After enjoying views of the beach, we climbed back up the hill to Christchurch Cathedral. The cathedral is the mother church of the Anglican Diocese of Newcastle where the Bishop resides. Construction began in 1892 but was never completed. In 1974, the roof sustained major damage as the result of a terrible storm and the building was finally repaired and finished in 1979. Disaster struck again in 1989 when a serious earthquake occurred and restoration following the event was finally completed in 1997. Today, the cathedral is beautiful both inside and out.

 

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Cathedral Church of Christ the King

The banners on either side of the nave depict saints and angels

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Interior of Cathedral

I was fascinated by the beautiful needlepoint covers on the kneelers.

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Kneelers with needlepoint covers

When I asked an employee what the symbols were on the kneeler below, quite a discussion ensued.

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They finally determined the six symbols represent the six states in Australia.

 

New South Wales: the cross of St George with lion and stars

Western Australia: a black swan

Tasmania: a red walking lion

Queensland: a blue Maltese cross and crown

Victoria: the southern cross

South Australia: the Australian piping shrike

Following our visit to the cathedral, we walked downhill one last time and to our great delight, we discovered Harry’s Cafe de Wheels, the iconic pie cart. Established during the Depression by Harry Edwards to provide cheap food outside the Woolloomooloo naval dockyard in Sydney, Harry closed his business when he enlisted during WWII. He reopened after the war in 1945 and the business has operated ever since. This early version of a food truck became “de Wheels” because the city council required food caravans to move at least 12 inches each day so Harry’s became Harry’s Cafe de Wheels.

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Harry’s is known for pie and having pie in Australia was on my “must-do” list. This pie, however, is no ordinary pastry; it’s a meat pie. Lori and I decided to share the signature Harry’s Original Tiger pie made with beef, mushy peas, mash, and gravy. YUM!

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After our sustenance at Harry’s, we were ready to return to the Norwegian Jewel. We had reservations at the French restaurant, Le Bistro, to celebrate a romantic Valentine’s Day with our sweethearts that evening.

I know Jim looks either inebriated or totally smitten in the photo below but honestly, he was just hamming it up for Valentine’s Day.IMG_6448

Join us next time for fun at the Lone Pine Koala Sanctuary.

 

Based on events in February 2019.

 

Categories: Australia, cruise, Travel, Uncategorized | Tags: , , , , | 1 Comment

Leaving Sydney on the Norwegian Jewel

Our departure on the morning of day 5 in Sydney was bittersweet. Despite the heat-wave, no aircon, no window screens, blood-thirsty mosquitoes, a few other random unidentified insects, and a creature later identified by the landlord as a gecko that skittered through the apartment startling some and terrifying others, we enjoyed our stay in the Airbnb. The location, the kitchen, and the extra space were ideal. I think we all felt a little sad leaving Sydney, a city we agreed was delightful and offered many more experiences than we’d had time to enjoy.  On the other hand, we were excited to begin our 19-day cruise with 5 additional ports in Australia plus stops in Indonesia and Singapore.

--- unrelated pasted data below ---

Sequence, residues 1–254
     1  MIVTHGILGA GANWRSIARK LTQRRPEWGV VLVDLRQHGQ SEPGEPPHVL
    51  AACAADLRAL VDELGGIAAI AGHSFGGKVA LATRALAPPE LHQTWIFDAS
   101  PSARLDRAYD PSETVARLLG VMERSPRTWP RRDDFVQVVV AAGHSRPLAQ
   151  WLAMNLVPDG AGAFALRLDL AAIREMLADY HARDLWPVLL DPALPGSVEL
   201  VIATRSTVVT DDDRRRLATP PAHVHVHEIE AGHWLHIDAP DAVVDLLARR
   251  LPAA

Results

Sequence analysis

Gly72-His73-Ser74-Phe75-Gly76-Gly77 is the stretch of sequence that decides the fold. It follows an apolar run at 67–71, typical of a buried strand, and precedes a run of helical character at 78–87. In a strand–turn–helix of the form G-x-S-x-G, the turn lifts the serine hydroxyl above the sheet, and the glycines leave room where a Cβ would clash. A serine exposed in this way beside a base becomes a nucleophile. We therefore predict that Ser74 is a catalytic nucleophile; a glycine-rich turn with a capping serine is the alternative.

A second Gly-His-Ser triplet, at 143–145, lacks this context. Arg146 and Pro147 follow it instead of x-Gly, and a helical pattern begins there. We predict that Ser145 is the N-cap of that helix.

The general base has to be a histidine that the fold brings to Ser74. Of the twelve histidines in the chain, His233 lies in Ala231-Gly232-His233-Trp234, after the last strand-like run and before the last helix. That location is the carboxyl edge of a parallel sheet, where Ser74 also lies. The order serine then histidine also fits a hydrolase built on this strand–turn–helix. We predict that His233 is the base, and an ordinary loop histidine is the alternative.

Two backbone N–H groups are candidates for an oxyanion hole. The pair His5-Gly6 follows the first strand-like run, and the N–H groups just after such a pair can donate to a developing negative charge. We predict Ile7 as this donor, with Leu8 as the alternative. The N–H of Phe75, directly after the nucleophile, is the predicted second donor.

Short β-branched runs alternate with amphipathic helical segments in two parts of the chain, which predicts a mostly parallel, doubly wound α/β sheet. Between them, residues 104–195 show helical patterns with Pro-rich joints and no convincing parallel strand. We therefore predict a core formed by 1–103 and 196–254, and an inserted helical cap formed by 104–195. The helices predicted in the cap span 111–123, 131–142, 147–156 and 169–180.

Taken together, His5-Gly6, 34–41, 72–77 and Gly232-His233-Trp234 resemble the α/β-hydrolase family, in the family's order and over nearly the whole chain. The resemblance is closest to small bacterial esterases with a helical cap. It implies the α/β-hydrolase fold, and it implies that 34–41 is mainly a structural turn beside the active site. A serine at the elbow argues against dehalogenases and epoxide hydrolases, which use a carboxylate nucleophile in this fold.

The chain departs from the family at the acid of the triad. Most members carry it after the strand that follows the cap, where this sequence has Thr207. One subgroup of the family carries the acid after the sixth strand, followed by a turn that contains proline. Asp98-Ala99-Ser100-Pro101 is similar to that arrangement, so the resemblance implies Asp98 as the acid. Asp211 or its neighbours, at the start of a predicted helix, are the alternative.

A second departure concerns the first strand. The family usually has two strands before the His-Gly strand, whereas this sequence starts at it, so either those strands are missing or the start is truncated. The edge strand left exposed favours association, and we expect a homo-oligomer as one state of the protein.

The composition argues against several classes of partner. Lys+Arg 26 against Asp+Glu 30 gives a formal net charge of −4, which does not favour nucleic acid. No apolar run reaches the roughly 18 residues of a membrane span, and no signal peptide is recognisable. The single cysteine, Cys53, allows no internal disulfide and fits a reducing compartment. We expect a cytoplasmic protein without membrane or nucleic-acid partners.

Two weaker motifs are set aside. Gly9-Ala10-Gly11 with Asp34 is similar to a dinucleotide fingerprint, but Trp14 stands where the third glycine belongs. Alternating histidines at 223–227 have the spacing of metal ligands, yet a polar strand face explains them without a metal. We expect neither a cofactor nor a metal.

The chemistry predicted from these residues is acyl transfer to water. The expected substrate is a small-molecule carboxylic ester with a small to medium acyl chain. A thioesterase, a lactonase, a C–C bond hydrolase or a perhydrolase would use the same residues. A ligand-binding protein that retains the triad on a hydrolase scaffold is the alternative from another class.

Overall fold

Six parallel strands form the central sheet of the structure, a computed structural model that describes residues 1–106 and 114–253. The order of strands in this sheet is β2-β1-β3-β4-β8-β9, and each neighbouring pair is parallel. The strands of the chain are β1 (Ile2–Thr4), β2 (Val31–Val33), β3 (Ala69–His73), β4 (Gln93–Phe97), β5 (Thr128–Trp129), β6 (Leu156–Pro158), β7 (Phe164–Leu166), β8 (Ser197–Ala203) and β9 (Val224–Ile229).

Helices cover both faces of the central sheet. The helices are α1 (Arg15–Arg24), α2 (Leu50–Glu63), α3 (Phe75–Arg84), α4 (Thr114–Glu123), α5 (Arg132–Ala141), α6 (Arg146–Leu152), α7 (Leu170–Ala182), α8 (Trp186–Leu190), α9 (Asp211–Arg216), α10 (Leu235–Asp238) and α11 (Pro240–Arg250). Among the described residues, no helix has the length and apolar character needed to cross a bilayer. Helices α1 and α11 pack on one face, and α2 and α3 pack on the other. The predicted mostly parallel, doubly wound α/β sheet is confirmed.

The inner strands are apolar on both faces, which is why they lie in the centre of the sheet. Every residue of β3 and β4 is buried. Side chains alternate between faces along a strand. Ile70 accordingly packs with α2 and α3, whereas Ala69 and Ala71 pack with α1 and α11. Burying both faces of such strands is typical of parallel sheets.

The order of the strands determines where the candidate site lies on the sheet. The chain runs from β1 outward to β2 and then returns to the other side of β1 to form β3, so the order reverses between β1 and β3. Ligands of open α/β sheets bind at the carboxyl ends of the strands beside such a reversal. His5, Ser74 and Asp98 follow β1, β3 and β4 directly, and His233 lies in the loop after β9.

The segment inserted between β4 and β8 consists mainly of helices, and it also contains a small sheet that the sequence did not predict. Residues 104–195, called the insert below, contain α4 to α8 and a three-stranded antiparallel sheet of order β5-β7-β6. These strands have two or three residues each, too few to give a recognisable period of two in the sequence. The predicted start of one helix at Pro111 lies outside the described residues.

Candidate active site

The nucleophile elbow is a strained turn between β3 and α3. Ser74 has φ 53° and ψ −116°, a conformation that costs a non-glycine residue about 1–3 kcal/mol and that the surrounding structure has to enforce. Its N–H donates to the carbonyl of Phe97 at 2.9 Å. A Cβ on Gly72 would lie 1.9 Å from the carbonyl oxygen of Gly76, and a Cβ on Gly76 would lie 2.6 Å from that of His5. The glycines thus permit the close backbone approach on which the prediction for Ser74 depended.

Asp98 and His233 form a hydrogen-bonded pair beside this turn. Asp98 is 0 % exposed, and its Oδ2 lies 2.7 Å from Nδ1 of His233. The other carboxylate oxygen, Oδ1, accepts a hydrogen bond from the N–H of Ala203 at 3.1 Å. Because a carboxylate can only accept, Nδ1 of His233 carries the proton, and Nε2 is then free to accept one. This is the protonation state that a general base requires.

So we trudged up the hill past our favorite pub, the Lord Nelson Brewery, one last time with our bags in tow. As we made our way down Argyle Street, I looked around fondly, taking a few last photos to remind me of our adopted home neighborhood.

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We arrived at Circular Quay too early to board the Norwegian Jewel, but joined the line which was already forming. Since our ship wouldn’t leave Sydney until 6 p.m., we had planned to go through the embarkation process, have lunch, then take in one last sight, the Australian National Maritime Museum, in nearby Darling Harbor.

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When we discovered we wouldn’t be allowed to leave the ship once we went through embarkation, we decided to cut the museum from our itinerary. We’ve all had nightmare experiences standing in line for hours to board the ship and right now we were at the front of the line so we decided to stay right there.

Happily, embarkation was one of the quickest we’ve experienced so we were soon on-board and made our way to the Garden Cafe for lunch. Although we couldn’t get into our staterooms for several hours, we contented ourselves with exploring the ship, purchasing our wine package, and perusing the Freestyle Daily which advises passengers of everything happening on-board.

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Sydney Harbour Bridge

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Sydney Opera House from the Norwegian Jewel

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View of CBD (Central Business District) from the ship